Thursday, 13 October 2011

The first review meeting, by the Parent

Well, it could have been worse… it could have been a lot worse, but for several factors:
  • I work as a teacher (albeit in Secondary) in a pastoral support role; so I know what they are talking about!
  • Similarly, I am not intimidated by lots of professionals 
  • I have a lot of faith in the school and trust them and am very happy to work with them 
  • Academically my son seems to be coping (at the moment)
  • My sons behaviour has not been too bad (so far) 

There has, though, been a deterioration in his behaviour and we discussed possible reasons for this and a variety of strategies, I hope this is a phase but we will do what we can.  I am hopeful the firmer boundaries will make a difference. 

I will now get some communication with school via a home/school diary, which hopefully means we can support the school and actually find out he is doing (instead of “I dont remember”).

We saw  his Additional Support Plan (though are not involved in drawing this up).

Overall, it was a friendly, relaxed and informative meeting with a lot of 2-way discussion and support.  However, I cannot help but think that the meetings are not always so open and good natured.  I suspect that  frustrated and defensive parents combined with  a large group of “experts” offering different jigsaw pieces of support does not always make for such a productive meeting.

What would I change?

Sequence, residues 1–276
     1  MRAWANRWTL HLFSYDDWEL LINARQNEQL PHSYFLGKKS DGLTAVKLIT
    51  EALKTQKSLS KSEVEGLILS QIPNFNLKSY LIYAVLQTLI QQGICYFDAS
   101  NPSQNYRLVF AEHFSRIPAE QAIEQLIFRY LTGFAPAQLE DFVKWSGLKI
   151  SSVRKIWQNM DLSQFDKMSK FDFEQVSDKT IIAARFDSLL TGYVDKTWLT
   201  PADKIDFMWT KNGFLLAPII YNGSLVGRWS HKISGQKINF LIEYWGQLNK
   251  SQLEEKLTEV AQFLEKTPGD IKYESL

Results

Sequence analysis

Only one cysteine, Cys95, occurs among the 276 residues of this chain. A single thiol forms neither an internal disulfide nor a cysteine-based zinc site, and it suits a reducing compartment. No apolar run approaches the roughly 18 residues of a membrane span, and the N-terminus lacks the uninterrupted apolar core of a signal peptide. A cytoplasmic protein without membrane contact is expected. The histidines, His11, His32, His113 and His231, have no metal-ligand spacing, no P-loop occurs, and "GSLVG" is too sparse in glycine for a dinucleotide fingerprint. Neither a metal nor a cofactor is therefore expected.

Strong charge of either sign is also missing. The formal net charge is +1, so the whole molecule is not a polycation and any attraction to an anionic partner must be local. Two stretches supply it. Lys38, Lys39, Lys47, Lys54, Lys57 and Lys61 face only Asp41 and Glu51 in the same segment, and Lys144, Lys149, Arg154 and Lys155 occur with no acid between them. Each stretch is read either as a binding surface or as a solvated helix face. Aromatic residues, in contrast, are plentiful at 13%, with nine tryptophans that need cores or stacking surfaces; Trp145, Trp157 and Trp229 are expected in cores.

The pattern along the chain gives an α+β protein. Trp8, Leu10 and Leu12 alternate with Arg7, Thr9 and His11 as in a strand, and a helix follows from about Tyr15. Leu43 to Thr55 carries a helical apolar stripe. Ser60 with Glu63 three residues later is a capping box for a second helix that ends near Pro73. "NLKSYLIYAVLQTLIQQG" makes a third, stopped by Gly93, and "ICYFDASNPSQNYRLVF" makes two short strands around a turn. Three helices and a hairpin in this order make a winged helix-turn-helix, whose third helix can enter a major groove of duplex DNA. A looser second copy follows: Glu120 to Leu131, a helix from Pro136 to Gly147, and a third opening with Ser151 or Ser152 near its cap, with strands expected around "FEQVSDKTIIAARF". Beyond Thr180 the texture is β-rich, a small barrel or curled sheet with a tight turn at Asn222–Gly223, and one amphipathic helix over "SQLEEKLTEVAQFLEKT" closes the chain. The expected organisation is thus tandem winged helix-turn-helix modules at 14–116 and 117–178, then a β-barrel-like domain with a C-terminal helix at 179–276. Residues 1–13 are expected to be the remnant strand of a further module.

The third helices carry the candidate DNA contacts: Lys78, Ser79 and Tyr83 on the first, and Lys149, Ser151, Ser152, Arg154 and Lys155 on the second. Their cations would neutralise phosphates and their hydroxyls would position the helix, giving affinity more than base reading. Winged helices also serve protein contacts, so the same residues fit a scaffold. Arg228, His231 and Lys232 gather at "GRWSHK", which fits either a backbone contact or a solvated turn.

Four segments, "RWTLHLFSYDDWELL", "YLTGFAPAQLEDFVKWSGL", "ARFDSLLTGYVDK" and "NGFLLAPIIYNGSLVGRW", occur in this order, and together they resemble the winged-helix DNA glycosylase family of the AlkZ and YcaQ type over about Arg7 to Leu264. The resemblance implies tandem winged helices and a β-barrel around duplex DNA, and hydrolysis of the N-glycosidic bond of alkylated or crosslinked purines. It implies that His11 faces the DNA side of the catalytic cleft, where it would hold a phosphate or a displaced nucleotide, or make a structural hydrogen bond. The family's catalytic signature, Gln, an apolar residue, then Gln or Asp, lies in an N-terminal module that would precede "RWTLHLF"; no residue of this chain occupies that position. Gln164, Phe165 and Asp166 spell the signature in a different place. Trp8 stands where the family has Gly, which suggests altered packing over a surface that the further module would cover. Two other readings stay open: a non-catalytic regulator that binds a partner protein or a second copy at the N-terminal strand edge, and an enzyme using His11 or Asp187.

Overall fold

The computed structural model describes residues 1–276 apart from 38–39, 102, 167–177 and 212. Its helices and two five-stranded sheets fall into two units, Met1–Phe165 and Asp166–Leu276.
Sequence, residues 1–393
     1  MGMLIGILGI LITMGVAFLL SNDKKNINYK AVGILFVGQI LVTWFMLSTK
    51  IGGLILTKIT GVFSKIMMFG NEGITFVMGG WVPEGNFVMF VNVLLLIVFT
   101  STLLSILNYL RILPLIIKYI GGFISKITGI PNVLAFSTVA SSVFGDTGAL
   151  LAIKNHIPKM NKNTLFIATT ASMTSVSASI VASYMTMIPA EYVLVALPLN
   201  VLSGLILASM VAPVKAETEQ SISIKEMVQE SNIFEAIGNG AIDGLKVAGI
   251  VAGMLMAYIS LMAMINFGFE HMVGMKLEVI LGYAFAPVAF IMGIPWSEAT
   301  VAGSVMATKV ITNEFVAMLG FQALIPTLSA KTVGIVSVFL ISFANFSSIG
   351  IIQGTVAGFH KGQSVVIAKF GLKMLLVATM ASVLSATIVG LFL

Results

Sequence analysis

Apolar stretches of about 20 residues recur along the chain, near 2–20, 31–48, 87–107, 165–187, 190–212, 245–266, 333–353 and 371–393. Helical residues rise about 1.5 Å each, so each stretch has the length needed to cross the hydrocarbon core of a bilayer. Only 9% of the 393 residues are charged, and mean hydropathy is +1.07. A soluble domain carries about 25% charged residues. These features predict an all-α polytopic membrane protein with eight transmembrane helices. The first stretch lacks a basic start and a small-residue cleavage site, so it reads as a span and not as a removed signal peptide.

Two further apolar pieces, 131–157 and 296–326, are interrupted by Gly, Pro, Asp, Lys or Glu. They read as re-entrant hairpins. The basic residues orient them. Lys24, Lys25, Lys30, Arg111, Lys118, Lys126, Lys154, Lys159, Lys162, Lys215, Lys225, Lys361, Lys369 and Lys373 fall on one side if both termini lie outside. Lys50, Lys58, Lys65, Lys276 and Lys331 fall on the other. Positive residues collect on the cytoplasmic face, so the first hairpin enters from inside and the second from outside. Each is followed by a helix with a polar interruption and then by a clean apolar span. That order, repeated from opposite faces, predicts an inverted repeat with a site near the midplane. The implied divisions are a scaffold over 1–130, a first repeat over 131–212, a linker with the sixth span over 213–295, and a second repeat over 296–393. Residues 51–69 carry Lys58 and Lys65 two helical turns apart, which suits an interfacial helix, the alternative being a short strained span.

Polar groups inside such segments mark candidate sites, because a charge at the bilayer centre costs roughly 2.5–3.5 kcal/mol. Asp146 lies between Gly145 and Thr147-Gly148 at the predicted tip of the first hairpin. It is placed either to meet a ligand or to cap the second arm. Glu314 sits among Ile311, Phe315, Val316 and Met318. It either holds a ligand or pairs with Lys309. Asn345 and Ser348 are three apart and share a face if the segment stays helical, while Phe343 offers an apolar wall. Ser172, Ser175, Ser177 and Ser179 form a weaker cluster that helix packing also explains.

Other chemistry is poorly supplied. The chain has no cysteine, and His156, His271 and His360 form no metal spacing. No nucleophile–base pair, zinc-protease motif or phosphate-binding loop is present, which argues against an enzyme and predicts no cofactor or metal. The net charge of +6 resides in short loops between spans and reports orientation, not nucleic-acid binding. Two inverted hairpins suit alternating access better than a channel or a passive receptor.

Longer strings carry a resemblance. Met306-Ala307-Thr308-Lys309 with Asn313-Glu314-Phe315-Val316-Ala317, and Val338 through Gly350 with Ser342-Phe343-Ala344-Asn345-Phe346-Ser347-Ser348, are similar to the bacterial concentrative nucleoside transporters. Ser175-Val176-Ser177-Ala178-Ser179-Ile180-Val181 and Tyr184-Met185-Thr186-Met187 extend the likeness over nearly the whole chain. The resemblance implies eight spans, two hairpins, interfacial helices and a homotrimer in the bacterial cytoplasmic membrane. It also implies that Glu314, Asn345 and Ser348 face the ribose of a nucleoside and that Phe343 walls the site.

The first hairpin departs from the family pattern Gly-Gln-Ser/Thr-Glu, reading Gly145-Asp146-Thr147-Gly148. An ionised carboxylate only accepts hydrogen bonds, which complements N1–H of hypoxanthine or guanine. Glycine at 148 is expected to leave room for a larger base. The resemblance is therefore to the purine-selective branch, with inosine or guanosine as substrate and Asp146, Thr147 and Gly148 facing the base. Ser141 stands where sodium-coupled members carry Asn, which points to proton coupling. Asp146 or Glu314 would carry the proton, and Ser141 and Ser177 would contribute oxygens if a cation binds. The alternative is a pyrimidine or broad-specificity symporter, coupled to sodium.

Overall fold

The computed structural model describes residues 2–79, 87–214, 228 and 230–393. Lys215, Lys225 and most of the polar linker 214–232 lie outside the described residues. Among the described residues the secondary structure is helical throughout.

• A clear outline to parents before about who exactly will be involved, what their role is and what they will (or could) be bringing to the table, as it were. 
  • An outline of what will be discussed (not too prescriptive though, tangents can be useful) with perhaps some expectations of the parents or a place for them to write their concerns. 
  • Possibly a reality check as well:  your child is one of 25 or 30 in a class; there is only so much support we can offer; we are human!  

Anyway, I continue to count my blessings in this respect and I feel I have perspective about what the school can do, what we can do and what difficulties are part of my sons Autism and thus will never change!  Whether I continue to feel so positive as time goes on I cant honestly say.

I presume I will receive some minutes of the main points but have typed up some of my own notes just in case.

Away from school, my son will start attending the Beavers after the October holiday.  It is run by a teacher so he understands Autism and has had other boys who are autistic previously.  As I was discussing this, a boys father started speaking to me and explained he himself was “HF (high functioning), Aspergers”.  He was most open, relaxed and told me about his wife.  It was very reassuring in so many ways…

 Written by Robert's mum

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